went to a wife's colleagues house to help start izuzi pickup, thinking he had flat battery, but his diesel had frozen.

havent heard of people having frozen fuel for many years,
NB they all seemed to be using Morrisons fuel.... i had Shell Diesel
Huh! Anyone want to talk about global warming? :)

I drive a 'Cruiser to make the crops grow greener!
 

Tractionman

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Yep, fuel companies skimping on winter addative in the fuel.
Back in the 70's on general haulage all over the uk, when the winters were cold and snow for days, boss used to double dose holding tanks at base, and we never had a problem.
Many mornings after a night in the services, there would be loads of trucks not starting, and waxed up fuel filters being changed, while I just drove on out.
Seen the bonfire trick too.
 

Juddian

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this thread has triggered a memory.
Back in the 80's trucks in the UK still suffered with fuel waxing issues, in the 70's when i started driving artics it was a real problem.
My truck in the 80's was fitted with a, ''fuel line heater'' an electrical wire wrapped around the fuel pipe that ran from the fuel tank to the filter, not sure if the short section from filter to pump was heated, but that would have been right beside the engine anyway, it was handy in that you could pre heat the fuel line before starting if seriously cold.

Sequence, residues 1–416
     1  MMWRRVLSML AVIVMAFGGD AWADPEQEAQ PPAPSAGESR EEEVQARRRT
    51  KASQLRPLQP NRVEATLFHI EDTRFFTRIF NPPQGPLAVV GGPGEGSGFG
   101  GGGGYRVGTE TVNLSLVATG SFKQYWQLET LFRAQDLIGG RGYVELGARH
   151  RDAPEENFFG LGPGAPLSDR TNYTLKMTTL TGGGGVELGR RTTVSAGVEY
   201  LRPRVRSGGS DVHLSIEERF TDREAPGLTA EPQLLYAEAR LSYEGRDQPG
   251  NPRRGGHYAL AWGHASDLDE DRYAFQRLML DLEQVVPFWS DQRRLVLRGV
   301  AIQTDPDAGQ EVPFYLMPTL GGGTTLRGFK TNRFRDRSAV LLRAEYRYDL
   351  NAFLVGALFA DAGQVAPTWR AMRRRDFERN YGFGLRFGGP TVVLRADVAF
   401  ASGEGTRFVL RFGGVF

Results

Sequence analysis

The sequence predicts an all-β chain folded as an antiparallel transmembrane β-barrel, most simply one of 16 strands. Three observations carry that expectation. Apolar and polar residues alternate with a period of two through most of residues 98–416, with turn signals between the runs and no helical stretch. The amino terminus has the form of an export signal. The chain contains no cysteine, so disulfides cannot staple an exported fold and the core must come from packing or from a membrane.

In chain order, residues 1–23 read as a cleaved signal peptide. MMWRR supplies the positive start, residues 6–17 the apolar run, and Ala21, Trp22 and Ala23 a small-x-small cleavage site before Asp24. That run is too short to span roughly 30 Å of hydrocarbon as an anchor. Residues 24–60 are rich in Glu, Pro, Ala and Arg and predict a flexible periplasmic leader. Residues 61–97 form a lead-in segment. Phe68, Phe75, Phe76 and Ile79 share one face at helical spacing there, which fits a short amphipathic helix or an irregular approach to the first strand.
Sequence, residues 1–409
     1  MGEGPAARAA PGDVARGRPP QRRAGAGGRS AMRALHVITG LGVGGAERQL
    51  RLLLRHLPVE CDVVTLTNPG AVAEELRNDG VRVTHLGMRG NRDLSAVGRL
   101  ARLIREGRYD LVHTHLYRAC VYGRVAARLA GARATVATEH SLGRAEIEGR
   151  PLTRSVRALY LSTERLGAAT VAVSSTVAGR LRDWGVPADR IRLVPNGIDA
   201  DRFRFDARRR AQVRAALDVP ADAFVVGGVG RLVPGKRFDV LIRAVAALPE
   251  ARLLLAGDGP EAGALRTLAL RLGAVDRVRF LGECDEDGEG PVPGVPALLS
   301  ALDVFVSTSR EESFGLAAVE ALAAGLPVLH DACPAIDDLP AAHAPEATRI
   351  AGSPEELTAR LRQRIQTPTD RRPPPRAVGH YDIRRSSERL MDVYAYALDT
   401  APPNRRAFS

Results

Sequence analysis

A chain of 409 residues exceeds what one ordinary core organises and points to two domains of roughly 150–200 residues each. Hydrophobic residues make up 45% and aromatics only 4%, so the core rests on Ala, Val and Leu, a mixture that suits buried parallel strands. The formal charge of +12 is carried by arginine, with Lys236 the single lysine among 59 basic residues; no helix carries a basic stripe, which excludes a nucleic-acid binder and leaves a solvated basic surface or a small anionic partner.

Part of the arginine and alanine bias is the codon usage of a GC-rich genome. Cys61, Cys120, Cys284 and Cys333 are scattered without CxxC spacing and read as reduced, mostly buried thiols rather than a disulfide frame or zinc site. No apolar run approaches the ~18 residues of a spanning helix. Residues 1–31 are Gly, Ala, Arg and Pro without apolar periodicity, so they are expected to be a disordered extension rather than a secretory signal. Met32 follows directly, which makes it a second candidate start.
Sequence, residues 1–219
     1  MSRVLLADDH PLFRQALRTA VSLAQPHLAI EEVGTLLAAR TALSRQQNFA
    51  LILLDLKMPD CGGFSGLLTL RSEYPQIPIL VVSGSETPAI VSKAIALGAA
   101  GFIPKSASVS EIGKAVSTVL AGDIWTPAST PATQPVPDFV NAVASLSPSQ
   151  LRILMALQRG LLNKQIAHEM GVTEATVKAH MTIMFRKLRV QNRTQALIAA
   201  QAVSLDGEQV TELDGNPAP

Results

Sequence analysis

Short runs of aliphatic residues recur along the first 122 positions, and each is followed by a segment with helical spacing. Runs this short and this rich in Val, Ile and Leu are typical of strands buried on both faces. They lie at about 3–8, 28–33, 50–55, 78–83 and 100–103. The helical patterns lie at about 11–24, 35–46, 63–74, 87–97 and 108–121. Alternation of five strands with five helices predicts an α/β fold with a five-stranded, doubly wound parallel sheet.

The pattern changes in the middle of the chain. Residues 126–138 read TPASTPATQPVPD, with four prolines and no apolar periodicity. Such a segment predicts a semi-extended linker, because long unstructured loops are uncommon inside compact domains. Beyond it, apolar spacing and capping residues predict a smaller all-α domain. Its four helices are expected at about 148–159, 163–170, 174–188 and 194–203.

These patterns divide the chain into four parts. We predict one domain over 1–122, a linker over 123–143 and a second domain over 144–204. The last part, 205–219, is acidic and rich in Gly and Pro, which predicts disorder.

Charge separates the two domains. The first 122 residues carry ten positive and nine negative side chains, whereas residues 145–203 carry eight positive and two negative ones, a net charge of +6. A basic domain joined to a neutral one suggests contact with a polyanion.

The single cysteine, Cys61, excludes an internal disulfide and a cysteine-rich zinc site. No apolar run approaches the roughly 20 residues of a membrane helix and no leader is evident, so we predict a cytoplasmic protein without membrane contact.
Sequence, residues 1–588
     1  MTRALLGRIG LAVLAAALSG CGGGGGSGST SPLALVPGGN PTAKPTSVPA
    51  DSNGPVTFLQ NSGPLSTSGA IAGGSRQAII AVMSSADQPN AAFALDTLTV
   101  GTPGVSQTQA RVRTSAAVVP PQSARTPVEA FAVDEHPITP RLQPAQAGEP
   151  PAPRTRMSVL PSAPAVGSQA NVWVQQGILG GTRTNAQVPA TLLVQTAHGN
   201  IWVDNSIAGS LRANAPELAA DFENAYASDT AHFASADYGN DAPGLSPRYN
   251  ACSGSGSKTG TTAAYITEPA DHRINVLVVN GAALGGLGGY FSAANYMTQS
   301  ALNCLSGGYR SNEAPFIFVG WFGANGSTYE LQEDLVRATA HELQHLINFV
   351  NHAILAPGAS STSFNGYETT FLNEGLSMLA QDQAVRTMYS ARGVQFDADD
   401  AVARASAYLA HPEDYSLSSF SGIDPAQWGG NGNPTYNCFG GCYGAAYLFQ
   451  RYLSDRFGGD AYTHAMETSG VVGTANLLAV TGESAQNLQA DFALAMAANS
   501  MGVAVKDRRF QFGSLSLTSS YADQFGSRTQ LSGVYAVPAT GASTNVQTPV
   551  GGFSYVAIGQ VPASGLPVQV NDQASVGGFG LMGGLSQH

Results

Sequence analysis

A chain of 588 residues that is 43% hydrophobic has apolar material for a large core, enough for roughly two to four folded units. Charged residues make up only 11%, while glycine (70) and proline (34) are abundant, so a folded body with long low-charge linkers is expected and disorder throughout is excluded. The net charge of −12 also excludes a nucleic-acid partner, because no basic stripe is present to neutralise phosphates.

Once started Cummins engine fuel systems constantly returned unused fuel to the tank, so after a while running the fuel tank would get tepid if not acrtually warm, no need for line heater after a few miles, the Gardners we ran in the 70's didn't recirculate fuel so the tank would be ice cold, when i was night trunking then in the depths of winter we sometimes came to a juddering halt after several hours running as the temp dropped, that's when you used to see fires lit under fuel tanks, dodgy game that.
 

Grimbo

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"Once started Cummins engine fuel systems constantly returned unused fuel to the tank, so after a while running the fuel tank would get tepid if not acrtually warm, no need for line heater after a few miles, "

On a lot of the kit I work on we have fuel coolers because the tanks sit either side and snug against a very warm transmission.....we need to keep the fuel density ...this does mean the tanks when running are warm even on the coldest days

We don't see fuel waxing on modern kit so much because often the cooling fan is "vistronic" and will let the fan idle if not needed so isn't pushing freezing air past the engine ... have been out to a couple of 90's era machines with waxing but that's I suspect as much as anything caused by poor fuel storage and management of places with old machines and often old steel storage tanks without filters .

My 80 has a fuel filter heater from factory and should it get really cold a Kenlow hot start system so instant heater and warm engine (used it twice in the 27 years I've owned it ;-) )